So what we are left with is that there is no strong support for a difference in injury rates between barely-there minimal shoes and more traditional shoes. People will run well in both, people will get hurt in both (but maybe the types of injuries will differ – we saw this pattern play out as shoes went from pretty minimal to pretty cushioned in the 1970’s). Science is not telling us that either is better than the other. This begs the question: Why?
In response to a Facebook update I put up on the Runblogger FB page about the Reuters article, a reader posed the following question:
“How come science can manage amazing things like heart transplants, in vitro fertilisation, Martian rovers, smartphones that can access anything in the world instantly, GPS accuracy etc – but can’t agree on what sort of shoes we should wear when running?”
My answer is quite simple. Human variation. Humans are not robots or machines built on assembly lines. We are variable, and biology is messy. For example, recent studies mapping the genome of Neanderthals and Denisovans have revealed that both species have contributed to the modern human genome, and the amount and proportion is geographically variable. For example, as reported on Ancient-Origins.net:
-About 1.5 to 2.1 percent of the DNA of all people with European ancestry can be traced to Neanderthals.
-Proportions of Neanderthal DNA are higher among Asians and Native Americans, who also have small percentages of Denisovan DNA.
-6 percent of the genome of Australian Aborigines and indigenous Papua New Guineans belong to the Denisovan species.
Based on this I’m about 2% Neanderthal, which I find really cool and may explain the giant noggin sitting atop my shoulders (which I have sadly passed on to my daughter and youngest son, they both have melon heads).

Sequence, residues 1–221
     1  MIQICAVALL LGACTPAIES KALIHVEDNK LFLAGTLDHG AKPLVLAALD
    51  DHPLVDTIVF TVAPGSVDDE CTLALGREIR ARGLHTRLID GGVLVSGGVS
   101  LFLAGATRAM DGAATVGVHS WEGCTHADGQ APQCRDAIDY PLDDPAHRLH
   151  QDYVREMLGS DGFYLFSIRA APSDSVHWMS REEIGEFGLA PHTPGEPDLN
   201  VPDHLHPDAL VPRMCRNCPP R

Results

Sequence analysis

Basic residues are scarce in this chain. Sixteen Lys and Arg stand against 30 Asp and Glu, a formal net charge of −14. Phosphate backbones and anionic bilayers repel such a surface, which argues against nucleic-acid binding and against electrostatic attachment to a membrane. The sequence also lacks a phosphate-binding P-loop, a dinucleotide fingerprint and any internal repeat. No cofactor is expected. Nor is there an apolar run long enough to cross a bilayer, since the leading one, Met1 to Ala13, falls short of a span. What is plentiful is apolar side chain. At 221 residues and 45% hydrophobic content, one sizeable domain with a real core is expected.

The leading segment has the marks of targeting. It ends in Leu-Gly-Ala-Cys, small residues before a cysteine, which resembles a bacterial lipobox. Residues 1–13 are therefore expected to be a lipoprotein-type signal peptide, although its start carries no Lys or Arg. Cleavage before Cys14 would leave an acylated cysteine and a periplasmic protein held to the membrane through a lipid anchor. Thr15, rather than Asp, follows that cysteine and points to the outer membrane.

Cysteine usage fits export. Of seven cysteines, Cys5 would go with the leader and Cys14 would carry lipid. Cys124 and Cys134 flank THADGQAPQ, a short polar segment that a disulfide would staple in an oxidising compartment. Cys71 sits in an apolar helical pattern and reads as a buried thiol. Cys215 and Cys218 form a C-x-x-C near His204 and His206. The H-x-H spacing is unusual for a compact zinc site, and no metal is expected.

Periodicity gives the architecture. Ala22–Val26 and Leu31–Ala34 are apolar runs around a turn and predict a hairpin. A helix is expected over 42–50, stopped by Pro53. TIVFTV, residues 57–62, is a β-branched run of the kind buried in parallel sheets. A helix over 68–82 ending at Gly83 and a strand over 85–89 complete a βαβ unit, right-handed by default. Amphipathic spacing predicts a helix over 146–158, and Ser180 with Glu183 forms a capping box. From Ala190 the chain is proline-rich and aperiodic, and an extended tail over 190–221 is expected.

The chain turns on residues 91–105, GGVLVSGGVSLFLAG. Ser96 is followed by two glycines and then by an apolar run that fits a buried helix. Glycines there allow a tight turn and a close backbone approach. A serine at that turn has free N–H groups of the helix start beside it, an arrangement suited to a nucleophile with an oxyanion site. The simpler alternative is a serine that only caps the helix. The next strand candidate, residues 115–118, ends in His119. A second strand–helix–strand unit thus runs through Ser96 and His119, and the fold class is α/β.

Another example – my friend Becki from The Middle Miles is a chiropractic student and she recently shared an awesome article showing how anatomical variability in the skeleton can influence how people perform squats. Check it out, the pictures are great.
So we’re genetically variable, anatomically variable, and physiologically variable. The environment can play a big role here too. Our bones, muscles, and connective tissues adapt to the stresses they experience. Thus, our anatomy is going to vary based on a wide variety of factors. Diet, past history of footwear use, past history of exercise type (Ever seen a hockey player run? Looks like they are skating. I had a client who was a ballerina when she was younger and she ran on her tippy toes.). The point again is that we are not all the same.
I could go on, but the point I want to make is that we should not expect there to be a single solution that works for all when it comes to running shoes (or form for that matter), and the science seems to be bearing that out by finding little difference when we compare injury risk between widely divergent footwear. Some people will do better in maximally cushioned shoes like Hokas, some will do better barefoot, and yes, some may need a Brooks Beast. Unfortunately we like neat and tidy messages telling us that one way is the best, but I just don’t think that’s the case here (maybe if we all grew up barefoot chasing antelope all day, but those days are long gone).
At the end of the day it’s an individual journey of finding out what works for you and your body given your genetics and environmental background. Science can’t answer the question of what is the best running shoe because the answer will vary depending on the person. Embrace human variability, we are an amazing species.